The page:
Numbers of pupils achieving age-related expectations have accelerated in all classes studied.

Percentages on track or above, from September 07 to February 08:

  • YR: 40% to 74% = 34% increase
  • Y1: 40% to 80% = 40%
  • Y2: 47% to 80% = 33%
  • Y3: 48% to 68% = 20%
  • Y4: 50% to 64% = 14%
  • Y5: 36% to 64% = 28%
  • Y6: 48% to 69% = 21%.

Averaging out at an increase of: + 27% per cohort, over 5 months.

What has been the impact on teaching?

Practitioners have developed deeper relationships with the target children, which have:

  • Raised confidence in children, especially when working independently.
  • Increased practitioner confidence in children to have the tools for independent working.
  • Raised expectations by all, of what is possible.

Learners are more involved in the teaching process, because:

  • All are feeling more focused and impactful with their time.
  • Practitioners' perceptions of their role are beginning to shift
    from 'modeller/demonstrator' to learning facilitator, as they see
    increased benefits of this way of working.
  • Children like to know more about HOW they learn.

Quotes you think are relevant to the impact on teaching

"There's an air of excitement now. There are new opportunities just around the corner." – School Improvement Partner.

"It's a really good place to work and learn in here. The children are just like adults, only shorter!" – Teaching Assistant about Year 5.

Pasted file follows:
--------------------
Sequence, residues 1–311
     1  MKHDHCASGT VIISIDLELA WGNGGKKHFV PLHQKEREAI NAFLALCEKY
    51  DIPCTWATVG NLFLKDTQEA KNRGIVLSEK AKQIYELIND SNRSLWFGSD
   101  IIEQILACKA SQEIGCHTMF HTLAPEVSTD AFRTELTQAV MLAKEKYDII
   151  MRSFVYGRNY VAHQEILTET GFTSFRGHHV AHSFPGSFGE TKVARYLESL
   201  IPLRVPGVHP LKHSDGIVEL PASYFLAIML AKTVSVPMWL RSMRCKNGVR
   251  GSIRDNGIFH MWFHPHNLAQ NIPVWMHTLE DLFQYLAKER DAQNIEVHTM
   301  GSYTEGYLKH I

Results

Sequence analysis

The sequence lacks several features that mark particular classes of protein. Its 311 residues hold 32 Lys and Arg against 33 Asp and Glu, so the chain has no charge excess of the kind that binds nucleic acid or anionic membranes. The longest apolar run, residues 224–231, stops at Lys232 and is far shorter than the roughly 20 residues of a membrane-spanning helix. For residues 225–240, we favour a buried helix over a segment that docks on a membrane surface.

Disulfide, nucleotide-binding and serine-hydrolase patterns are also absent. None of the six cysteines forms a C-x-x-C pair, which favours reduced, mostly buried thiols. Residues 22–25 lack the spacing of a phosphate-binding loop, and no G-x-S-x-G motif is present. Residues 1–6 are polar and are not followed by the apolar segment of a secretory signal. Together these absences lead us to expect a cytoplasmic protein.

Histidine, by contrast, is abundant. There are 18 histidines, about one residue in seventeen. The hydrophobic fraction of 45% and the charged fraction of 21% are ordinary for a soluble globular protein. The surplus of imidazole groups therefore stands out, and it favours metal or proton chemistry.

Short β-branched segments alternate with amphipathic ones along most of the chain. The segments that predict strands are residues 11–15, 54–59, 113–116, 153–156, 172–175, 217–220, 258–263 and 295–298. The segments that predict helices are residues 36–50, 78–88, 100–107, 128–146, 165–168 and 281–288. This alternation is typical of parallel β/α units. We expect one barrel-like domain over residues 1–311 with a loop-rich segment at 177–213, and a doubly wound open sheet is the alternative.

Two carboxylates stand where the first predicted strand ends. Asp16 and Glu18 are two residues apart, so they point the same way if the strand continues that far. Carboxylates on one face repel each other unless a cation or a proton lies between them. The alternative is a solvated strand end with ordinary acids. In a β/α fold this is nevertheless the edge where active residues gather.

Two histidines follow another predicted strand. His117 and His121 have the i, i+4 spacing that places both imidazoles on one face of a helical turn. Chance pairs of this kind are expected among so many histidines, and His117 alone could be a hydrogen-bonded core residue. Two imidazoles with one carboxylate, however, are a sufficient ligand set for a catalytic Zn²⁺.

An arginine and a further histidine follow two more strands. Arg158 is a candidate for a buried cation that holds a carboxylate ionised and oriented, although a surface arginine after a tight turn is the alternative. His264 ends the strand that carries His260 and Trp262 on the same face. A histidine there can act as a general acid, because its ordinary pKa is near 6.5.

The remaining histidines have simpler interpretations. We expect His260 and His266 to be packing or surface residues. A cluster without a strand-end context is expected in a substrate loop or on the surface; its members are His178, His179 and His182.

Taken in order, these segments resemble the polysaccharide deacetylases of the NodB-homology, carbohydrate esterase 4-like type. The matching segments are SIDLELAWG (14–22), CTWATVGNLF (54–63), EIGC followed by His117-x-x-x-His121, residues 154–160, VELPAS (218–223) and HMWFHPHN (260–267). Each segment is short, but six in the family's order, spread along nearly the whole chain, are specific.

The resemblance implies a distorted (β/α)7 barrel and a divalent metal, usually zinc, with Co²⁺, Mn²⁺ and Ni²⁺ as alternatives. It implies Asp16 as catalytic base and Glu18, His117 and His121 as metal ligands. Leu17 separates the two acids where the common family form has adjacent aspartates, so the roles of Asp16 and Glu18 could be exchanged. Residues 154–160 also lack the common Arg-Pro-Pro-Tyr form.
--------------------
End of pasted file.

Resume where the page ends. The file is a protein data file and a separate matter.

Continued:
"They've really grown into mature little people, into themselves." – Teacher about YR children.

Evidence of impact on teaching

  • Evidence from observation and monitoring
  • Evidence from planning
  • Teacher perceptions

Describe the evidence of impact on teaching

Teaching profiles:

  • 100% improvement by at least one category
  • 33% improved by 2 categories
  • 33% showed evidence of some outstanding practice
  • practitioners have cascaded their experiences within and beyond their schools
  • practitioners more readily quantify their judgements of progress
    through evaluation of pupil data, children's work and discussions and
    observations of children's learning processes.

What has been the impact on school organisation and leadership?

  • Subject Leaders have taken on board what practitioners have discovered to wider areas of practice, for example leading to revisions of their planning policy to support focused elements of learning, rather than looking for detailed description of activity.
  • The renewed emphasis upon teacher as 'learning facilitator' has empowered Foundation Stage leaders and practitioners, who have much to share relating to the role of the adult (see 'Continuing the Learning Journey' CPD materials)..
  • The CPD process has validated practitioners' self-evaluations of their own practice, chanelled it positively and creatively and ensured they reflect upon how they can draw upon the expertise amongst each other to nurture and grow together..